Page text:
The Dreaded Fundraiser

There is a month every year that parents dread.  The day their child comes home with the annual (or bi-annual) fundraising packet.  The parents are worried about who they are going to hit up this year.  Will they take it to work or not?  Will others feel shamed into buying?  Will parents who you bought from their child now return the favor?  Will the family at holidays avoid conversation just to avoid buying something they don’t want?

Let’s face it, for parents, fundraisers are really missing the fun!

Unfortunately, these feelings carry over to the teachers and school administration themselves.  Something that should be fun and for a good cause is now a nightmare – and all of the focus usually gets concentrated on the sponsor.  The one person nominated to run this years fundraiser.

Fundraising is Good!

The first thing to remember is that fundraising is not evil.  Most people: teachers, parents, and even many students, have become cynical or jaded about fundraising.  This is because there have been a lot of really shady fundraisers in the past or fundraisers that have taken a lot of work but have made very little money for the cause.  There are boxes of junk that people bought in fundraisers and never use.  Parents have boxes of chocolates and candies that they have been obligated to buy.

Overall, fundraisers have historically been boring and not very productive.

Let’s focus on the purpose, because that is where many have gotten lost, they have strayed from the purpose.  The purpose of a fundraiser is to raise money for a cause.  Whether it is for the booster club for the football team to get new uniforms, or for the band to sponsor kids to camp, or for a trip to competition for the Latin Club.  Fundraisers serve a higher purpose than putting a buck in someone’s pocket – they exist to help make good things happen.

“…fundraisers exist to make good things happen.”

To do so, a fundraiser needs two components.  First, it must be interesting enough that a vast majority of the kids will participate.  High participation includes many sales per student.  You may have a great idea but if the student participation is low or the sales per student is low – you might not meet your fundraising goals.  Second, the fundraising product should be profitable.  By this, it is meant that the amount made per sale should be considerable.  If a school pays $9 for a widget and the student sells it at $10 – the fundraiser only makes $1 per widget.  This is not a very profitable margin.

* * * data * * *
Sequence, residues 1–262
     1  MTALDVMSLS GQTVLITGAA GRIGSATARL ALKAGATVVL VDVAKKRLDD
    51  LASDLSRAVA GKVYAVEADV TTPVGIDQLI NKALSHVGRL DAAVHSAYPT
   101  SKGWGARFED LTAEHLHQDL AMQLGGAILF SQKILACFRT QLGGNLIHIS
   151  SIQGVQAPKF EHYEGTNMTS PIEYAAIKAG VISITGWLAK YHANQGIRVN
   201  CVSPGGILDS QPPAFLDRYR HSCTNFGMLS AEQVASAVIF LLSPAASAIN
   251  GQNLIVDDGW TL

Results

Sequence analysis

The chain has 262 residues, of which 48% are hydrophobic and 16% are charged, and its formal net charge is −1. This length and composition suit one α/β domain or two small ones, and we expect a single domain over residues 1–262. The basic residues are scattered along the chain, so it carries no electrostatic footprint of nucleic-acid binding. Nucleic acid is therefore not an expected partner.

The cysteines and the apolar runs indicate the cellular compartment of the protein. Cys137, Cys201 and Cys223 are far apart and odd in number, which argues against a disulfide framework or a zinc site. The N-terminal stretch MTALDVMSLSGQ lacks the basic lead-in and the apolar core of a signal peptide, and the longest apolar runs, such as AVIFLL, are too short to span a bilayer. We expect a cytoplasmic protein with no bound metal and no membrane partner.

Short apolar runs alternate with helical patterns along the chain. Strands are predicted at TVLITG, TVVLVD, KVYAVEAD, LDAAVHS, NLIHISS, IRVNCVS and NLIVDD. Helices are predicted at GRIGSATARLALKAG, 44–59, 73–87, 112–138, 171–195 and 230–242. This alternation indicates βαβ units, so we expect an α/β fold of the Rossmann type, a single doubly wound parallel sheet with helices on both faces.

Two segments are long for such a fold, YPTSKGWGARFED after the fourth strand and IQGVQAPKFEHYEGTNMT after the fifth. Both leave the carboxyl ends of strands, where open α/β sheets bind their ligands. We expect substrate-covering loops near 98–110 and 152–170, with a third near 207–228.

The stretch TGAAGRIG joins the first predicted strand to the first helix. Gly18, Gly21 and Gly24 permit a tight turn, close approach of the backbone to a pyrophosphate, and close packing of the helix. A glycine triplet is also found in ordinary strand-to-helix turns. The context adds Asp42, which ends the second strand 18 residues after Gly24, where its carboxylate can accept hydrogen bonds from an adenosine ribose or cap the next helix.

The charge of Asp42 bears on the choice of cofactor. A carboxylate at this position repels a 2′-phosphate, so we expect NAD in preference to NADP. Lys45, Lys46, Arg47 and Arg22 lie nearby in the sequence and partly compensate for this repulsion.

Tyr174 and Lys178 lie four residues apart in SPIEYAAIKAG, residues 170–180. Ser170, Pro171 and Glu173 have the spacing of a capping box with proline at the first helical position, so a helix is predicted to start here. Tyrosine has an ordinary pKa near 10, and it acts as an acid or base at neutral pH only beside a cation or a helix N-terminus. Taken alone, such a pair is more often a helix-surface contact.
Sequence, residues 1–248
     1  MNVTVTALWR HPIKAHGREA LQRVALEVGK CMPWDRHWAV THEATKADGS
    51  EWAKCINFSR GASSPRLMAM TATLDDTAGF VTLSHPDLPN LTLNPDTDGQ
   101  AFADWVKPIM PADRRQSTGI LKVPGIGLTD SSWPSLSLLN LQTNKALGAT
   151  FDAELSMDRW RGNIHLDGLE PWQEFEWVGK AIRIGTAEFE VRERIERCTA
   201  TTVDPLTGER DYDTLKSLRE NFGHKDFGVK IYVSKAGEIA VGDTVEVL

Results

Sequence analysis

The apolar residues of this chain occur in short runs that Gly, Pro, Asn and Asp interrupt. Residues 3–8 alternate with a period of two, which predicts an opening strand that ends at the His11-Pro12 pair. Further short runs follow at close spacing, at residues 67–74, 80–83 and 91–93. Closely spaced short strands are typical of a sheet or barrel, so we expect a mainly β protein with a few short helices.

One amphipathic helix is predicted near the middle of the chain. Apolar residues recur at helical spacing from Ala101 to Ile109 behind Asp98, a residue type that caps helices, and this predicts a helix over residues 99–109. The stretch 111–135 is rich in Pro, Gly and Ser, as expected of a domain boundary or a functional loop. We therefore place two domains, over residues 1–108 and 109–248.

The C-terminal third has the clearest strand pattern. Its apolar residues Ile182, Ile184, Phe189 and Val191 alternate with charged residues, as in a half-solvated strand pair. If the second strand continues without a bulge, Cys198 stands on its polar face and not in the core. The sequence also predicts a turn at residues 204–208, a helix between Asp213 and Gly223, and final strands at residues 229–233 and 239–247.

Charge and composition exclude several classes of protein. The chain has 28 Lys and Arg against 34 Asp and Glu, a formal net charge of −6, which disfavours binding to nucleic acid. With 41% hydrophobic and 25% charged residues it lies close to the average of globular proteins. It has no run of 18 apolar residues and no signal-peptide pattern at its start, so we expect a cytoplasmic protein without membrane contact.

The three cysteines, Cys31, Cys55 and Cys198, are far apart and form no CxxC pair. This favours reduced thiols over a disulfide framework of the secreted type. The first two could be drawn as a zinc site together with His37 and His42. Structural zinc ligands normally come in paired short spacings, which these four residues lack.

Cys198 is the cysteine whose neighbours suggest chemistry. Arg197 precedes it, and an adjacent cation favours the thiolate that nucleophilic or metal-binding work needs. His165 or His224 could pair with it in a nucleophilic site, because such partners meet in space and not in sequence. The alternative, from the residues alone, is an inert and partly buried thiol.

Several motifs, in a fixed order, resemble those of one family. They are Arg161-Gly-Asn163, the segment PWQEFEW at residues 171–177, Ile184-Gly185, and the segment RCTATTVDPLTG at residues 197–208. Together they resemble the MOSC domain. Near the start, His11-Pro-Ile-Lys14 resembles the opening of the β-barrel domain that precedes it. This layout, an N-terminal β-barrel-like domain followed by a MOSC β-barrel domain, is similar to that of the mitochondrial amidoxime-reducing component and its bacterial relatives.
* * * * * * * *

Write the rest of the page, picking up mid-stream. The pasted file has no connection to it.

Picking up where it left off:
How to Run a Successful Fundraiser

So for a fundraiser to be successful, it needs to have an awesome mission or purpose, great participation and good profitability.  The mission should be internalized by the students and parents.  This will make them become better at selling because their passion for the cause will show through.  Some donors won’t care what product they get in return, they are happy just donating money to a great cause.  Once the mission is internalized, a great product will help because it will increase participation rates.  The product chosen should also have great margins so that the cause or charity is enriched and not a third party.

“internalizing a good cause can make anyone into a great salesperson”

Would you like a fundraiser that is truly fun, very profitable and has high participation rates?  Would you like to participate in a program that is simple to administrate, easy to implement and can be started in as little as 10 days?  imark Fundraising has great products that are highly desirable as well as highly profitable for schools, organizations and charities.  Contact imark Fundraising today!